Armchair satellite trackers hoping to catch a glimpse of NASA's doomed Upper Atmosphere Research Satellite when it plunges back to Earth on Friday will need patience, access to the Internet, a clear sky, and a large helping of luck, experts say.
Even with last-minute updates from NASA and U.S. Strategic Command pinpointing when and where UARS will begin its final plunge, the sheer size of the planet, with its vast stretches of ocean and remote terrain, means the odds of catching a glimpse of the spacecraft's fiery demise--or of being anywhere near any falling debris--will be remote.
But as re-entry footage of the old Russian Mir space station and the more recent flaming fall of a European cargo craft show, satellite "decays" offer the public and experienced amateurs alike a chance to witness a fairly spectacular show.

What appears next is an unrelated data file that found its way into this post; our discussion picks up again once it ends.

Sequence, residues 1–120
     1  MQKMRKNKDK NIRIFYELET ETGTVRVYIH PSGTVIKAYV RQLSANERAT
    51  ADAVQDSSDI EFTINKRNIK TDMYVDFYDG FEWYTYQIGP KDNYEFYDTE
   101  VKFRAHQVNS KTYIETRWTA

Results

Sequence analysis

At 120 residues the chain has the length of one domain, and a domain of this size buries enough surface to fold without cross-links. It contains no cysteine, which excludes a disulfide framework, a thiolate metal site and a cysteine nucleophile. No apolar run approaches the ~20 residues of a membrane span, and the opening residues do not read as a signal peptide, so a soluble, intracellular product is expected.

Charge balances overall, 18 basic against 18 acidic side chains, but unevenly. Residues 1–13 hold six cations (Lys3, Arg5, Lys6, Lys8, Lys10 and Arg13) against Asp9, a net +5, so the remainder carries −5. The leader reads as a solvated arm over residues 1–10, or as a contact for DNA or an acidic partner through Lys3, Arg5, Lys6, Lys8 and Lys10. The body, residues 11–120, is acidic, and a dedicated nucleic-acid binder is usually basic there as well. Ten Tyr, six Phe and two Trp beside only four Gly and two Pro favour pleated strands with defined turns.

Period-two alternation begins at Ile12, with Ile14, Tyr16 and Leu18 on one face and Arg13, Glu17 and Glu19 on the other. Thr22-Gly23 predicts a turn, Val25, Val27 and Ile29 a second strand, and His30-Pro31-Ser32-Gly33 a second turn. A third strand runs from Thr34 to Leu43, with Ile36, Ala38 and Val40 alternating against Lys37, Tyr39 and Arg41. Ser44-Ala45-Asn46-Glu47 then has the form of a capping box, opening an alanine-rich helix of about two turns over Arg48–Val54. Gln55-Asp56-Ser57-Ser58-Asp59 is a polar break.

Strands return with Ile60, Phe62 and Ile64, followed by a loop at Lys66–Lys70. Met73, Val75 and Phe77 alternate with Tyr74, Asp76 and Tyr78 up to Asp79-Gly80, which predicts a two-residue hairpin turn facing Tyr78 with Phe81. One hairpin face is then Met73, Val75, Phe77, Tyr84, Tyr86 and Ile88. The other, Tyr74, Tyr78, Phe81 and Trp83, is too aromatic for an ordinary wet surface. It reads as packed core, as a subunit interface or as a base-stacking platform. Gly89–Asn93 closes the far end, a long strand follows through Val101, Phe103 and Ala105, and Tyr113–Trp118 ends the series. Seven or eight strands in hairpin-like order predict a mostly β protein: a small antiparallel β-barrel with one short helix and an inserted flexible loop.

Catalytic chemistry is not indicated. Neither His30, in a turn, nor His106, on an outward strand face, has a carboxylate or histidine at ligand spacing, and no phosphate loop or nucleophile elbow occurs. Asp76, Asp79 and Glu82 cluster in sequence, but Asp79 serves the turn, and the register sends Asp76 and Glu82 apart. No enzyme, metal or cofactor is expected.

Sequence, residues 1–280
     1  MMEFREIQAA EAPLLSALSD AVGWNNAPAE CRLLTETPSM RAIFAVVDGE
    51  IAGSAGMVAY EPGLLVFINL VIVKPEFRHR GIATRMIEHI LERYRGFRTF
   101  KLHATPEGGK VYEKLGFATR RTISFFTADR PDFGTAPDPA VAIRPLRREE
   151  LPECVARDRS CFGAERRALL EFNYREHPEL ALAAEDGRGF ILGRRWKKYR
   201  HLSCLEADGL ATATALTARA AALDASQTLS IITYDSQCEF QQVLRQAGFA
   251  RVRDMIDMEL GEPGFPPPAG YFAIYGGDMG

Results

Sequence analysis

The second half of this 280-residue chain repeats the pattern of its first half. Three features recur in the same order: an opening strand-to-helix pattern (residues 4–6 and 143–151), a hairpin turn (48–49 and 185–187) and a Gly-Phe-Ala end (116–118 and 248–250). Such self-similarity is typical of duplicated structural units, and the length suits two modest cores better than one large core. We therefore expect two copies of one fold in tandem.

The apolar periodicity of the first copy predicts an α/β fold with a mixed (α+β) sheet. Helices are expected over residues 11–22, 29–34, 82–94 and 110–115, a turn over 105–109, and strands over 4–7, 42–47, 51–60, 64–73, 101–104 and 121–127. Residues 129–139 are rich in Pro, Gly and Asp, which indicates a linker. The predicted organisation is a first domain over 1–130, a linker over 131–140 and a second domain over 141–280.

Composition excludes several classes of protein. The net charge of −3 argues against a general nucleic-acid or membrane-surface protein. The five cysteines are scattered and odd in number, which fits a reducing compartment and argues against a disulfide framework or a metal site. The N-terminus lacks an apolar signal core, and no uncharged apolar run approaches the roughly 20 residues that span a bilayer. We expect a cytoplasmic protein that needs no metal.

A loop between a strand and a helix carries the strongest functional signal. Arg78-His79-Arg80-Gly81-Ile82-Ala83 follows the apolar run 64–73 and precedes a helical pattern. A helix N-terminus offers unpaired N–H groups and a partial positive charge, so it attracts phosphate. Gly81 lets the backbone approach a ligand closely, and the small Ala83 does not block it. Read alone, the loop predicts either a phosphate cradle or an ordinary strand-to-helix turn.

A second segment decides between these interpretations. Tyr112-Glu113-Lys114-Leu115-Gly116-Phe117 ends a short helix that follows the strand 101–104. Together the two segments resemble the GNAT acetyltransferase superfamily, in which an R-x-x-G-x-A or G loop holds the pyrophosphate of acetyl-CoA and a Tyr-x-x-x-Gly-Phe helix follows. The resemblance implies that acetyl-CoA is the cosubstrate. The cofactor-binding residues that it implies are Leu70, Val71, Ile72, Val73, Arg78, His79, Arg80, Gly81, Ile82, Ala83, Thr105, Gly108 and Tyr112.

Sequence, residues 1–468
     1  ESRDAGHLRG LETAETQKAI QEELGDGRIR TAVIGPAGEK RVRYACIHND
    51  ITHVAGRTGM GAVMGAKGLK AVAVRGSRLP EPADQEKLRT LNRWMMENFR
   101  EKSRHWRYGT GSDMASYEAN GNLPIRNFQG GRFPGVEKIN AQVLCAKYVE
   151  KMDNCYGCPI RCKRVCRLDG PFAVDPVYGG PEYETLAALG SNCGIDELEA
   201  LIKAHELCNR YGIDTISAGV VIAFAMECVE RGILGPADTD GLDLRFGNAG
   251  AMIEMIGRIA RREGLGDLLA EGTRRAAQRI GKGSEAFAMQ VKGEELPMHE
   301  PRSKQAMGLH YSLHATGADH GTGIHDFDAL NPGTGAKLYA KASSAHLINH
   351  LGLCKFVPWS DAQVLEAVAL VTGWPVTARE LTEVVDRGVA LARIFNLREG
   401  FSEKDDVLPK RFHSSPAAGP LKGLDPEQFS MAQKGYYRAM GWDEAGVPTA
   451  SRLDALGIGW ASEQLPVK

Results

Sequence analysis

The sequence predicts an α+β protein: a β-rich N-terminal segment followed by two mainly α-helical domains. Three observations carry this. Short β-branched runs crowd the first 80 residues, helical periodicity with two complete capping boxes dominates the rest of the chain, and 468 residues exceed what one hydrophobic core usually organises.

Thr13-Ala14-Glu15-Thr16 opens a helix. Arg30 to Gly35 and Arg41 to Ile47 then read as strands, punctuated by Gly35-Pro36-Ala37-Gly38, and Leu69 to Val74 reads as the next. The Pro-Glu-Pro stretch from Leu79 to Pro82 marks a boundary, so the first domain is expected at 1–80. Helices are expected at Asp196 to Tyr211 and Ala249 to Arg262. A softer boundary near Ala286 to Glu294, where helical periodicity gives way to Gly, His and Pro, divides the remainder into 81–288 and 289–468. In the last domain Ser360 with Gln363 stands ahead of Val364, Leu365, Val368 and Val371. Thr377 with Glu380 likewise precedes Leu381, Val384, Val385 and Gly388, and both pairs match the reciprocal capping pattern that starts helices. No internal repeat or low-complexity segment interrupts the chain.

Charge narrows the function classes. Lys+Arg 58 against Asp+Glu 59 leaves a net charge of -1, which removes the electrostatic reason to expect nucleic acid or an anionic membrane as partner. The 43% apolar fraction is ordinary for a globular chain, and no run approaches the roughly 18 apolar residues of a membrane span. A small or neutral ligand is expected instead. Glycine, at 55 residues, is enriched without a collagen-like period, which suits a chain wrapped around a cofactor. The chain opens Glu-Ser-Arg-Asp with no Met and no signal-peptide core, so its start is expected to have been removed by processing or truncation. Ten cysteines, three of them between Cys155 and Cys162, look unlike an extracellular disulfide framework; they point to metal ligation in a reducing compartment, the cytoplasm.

The UARS re-entry "is nothing to be particularly worried about, and if you're very lucky and in the right place at the right time, you may see quite a nice little fireworks show from it. But it's highly improbable that you'll get even that much out of it," said Ted Molczan, a well-known satellite watcher whose computer analysis and predictions have helped sophisticated hobbyists around the world track down spy satellites and other challenging targets.
"You have to maintain reasonable expectations. And in this case, the right expectation is, 'I'm not going to see this.' On the other hand, if you stop there it becomes a self-fulfilling prophecy. So you do want to see it, you know you won't, but (if you make the effort) you might!"… Read more